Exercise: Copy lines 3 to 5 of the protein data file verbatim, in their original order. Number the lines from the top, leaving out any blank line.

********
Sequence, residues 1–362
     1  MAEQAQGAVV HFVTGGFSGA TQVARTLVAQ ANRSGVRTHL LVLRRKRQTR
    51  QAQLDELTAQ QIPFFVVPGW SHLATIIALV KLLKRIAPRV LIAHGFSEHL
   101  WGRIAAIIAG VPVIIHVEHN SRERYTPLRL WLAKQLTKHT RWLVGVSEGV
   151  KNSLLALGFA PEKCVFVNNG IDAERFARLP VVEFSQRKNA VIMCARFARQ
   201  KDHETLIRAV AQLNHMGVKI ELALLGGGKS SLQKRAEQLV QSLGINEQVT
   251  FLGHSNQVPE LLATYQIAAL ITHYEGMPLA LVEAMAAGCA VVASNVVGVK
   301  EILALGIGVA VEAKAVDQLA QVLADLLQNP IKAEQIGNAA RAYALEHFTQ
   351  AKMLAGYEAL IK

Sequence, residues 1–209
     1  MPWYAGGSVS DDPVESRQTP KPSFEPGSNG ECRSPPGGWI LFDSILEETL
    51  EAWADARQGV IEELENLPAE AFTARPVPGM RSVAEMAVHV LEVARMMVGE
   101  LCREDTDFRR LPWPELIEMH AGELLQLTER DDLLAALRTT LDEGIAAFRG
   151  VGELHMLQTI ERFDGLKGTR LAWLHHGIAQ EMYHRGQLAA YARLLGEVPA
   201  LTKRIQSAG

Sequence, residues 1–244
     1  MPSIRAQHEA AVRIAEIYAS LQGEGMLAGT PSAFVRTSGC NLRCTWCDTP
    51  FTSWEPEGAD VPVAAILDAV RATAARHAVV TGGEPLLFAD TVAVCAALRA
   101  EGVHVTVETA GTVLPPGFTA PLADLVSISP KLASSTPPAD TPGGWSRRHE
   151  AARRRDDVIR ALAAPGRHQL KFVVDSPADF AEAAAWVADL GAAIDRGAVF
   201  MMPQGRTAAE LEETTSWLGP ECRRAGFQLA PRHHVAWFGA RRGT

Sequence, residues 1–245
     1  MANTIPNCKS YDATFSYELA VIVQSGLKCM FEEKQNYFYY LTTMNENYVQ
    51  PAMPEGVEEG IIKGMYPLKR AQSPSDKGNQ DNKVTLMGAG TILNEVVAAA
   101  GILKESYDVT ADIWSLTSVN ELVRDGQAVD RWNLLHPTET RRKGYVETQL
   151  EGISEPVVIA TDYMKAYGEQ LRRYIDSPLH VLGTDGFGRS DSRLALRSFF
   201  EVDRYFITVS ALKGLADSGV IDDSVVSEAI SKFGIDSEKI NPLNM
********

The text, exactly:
    51  QAQLDELTAQ QIPFFVVPGW SHLATIIALV KLLKRIAPRV LIAHGFSEHL
   101  WGRIAAIIAG VPVIIHVEHN SRERYTPLRL WLAKQLTKHT RWLVGVSEGV
   151  KNSLLALGFA PEKCVFVNNG IDAERFARLP VVEFSQRKNA VIMCARFARQ